The Securities and Exchange Commission recently approved a proposal by the Nasdaq to diversify corporate boards. The Nasdaq’s proposed rule is aspirational, requiring disclosure of compliance or an explanation of non-compliance. However, the proposal has drawn heated debate in both political and business circles, with some arguing for needed integration of corporate boards, and others arguing that the policy is racially discriminatory.
Today a unanimous U.S. Supreme Court, in an opinion by Justice Gorsuch, upheld a 9th Circuit decision that the NCAA’s rules for compensating Division I football and basketball players are subject to a full Rule of Reason analysis, and that NCAA conferences and school may permit certain education-related benefits.
The underlying decision involved a district court’s injunction of restrictions by NCAA conferences and schools that imposed caps on education-related benefits to athletes, such as rules that limit scholarships for graduate or vocational school, payments for academic tutoring, or paid post-eligibility internships. The 9th Circuit affirmed the district court’s decision and the NCAA appealed to the Supreme Court. The Supreme Court’s opinion upheld the lower courts’ findings that providing certain education-related benefits to students would not blur the line between college and professional sports, and therefore would not lead to a decrease in viewership for college games on television.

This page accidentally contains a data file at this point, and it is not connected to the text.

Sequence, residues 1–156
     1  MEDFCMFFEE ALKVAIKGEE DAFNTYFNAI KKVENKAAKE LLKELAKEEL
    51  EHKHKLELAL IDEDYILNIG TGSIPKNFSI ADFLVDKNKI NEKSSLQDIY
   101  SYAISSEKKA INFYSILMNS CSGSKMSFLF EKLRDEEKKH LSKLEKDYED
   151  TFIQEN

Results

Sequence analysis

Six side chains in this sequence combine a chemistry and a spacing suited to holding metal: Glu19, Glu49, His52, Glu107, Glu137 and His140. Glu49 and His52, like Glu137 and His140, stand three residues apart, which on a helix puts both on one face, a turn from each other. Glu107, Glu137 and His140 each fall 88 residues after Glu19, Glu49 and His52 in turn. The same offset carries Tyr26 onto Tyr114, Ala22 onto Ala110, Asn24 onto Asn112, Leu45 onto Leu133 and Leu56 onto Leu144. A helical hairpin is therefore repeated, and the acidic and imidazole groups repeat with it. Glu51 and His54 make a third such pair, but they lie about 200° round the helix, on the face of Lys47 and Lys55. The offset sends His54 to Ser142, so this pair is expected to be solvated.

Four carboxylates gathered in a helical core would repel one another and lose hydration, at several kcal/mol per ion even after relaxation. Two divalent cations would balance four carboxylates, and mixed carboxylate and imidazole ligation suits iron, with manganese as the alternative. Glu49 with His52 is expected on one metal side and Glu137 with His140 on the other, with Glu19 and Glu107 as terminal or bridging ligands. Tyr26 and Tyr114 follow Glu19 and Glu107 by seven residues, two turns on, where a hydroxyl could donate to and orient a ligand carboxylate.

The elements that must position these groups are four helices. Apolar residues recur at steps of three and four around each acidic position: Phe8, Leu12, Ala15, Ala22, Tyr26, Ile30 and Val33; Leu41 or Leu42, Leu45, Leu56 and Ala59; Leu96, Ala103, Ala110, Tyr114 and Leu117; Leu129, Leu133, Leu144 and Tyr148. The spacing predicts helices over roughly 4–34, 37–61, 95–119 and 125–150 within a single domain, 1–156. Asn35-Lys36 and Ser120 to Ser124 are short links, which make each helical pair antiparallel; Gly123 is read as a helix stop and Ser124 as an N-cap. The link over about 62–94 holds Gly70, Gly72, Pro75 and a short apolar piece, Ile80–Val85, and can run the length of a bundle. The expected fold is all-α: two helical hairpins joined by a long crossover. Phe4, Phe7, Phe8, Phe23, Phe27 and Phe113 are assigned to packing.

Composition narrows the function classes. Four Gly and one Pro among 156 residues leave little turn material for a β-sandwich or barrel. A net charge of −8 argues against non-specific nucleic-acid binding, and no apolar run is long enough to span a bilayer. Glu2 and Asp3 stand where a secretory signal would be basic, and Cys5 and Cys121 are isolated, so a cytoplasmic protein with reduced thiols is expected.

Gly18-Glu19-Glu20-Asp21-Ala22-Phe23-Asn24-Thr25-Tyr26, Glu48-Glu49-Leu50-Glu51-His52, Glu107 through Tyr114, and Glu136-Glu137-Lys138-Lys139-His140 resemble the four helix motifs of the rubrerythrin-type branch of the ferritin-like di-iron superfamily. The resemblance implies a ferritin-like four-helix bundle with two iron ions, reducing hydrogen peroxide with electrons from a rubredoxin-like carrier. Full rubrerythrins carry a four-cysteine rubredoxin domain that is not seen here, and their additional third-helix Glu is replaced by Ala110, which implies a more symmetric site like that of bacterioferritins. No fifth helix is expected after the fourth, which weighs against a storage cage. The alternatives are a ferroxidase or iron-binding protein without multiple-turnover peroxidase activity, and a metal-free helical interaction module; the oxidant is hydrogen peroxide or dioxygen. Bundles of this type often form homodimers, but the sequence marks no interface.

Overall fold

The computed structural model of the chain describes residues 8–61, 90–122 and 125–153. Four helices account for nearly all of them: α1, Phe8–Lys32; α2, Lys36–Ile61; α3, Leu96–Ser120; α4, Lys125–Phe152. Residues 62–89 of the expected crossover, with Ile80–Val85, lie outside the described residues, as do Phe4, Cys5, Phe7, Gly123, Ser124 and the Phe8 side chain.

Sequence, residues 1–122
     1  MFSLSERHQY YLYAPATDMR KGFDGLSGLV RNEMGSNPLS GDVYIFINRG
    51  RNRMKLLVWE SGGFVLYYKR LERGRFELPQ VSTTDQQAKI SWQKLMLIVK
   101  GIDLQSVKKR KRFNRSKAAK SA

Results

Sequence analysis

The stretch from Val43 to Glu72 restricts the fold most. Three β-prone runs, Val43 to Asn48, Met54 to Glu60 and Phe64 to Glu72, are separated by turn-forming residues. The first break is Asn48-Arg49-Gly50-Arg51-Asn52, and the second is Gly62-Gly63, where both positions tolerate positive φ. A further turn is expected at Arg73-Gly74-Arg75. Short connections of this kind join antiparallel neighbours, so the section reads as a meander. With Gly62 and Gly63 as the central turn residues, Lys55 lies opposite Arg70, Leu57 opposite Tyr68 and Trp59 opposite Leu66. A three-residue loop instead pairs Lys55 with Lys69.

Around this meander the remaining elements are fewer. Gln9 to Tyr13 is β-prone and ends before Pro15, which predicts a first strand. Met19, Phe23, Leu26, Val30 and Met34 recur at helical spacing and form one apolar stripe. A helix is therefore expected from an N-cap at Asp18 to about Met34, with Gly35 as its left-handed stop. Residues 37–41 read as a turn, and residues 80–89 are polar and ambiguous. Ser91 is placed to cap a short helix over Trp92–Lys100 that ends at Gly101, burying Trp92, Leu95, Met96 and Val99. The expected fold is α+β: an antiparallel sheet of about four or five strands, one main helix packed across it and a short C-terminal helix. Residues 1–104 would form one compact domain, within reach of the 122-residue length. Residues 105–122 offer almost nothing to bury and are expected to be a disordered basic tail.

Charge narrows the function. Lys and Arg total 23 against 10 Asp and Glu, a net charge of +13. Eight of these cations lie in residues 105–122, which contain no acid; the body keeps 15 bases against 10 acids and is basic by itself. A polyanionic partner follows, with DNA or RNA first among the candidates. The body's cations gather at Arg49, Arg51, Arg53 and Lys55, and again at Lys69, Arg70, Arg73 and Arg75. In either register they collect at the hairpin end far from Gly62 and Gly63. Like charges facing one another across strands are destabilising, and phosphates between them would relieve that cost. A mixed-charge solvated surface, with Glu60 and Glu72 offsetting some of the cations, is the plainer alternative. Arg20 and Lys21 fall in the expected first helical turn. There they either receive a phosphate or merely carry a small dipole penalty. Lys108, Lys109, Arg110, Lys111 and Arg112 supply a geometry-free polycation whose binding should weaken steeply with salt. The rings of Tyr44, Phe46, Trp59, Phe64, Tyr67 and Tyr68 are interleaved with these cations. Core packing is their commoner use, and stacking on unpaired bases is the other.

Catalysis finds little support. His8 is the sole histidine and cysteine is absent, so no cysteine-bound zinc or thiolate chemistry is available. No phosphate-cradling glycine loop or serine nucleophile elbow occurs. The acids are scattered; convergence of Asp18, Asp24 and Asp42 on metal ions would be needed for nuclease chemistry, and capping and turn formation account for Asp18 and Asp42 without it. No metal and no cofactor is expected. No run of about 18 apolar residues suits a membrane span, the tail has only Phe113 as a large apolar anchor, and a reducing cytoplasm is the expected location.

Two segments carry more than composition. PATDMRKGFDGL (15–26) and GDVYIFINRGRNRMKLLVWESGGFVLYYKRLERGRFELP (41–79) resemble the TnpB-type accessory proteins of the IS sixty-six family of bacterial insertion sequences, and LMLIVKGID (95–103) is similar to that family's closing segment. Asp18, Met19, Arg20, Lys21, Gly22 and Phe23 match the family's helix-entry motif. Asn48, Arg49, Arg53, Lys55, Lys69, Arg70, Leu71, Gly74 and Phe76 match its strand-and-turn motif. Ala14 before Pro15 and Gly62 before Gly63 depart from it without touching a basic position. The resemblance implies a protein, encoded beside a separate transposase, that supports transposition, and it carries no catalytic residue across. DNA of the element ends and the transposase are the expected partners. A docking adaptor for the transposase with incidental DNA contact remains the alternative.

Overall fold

New York, January 25, 2021 – The SEC sent a message to public companies recently when it settled an investigation involving well-known eatery, Cheesecake Factory (see SEC Order). The company’s failure to make accurate disclosures about its financial condition, as prompted by Covid-19 realities, was egregious, yet the SEC’s order allowed the company to neither admit nor deny liability, to pay a civil money penalty of $125,000, a slap on the wrist for a public company, and agree to cease and desist from committing or causing any violations and any future violation of the reporting standards of Section 13(a) of the Securities Exchange Act of 1934 and Rules 12b-20 and 13a-11 thereunder. What is the message? The Staff is watching – closely.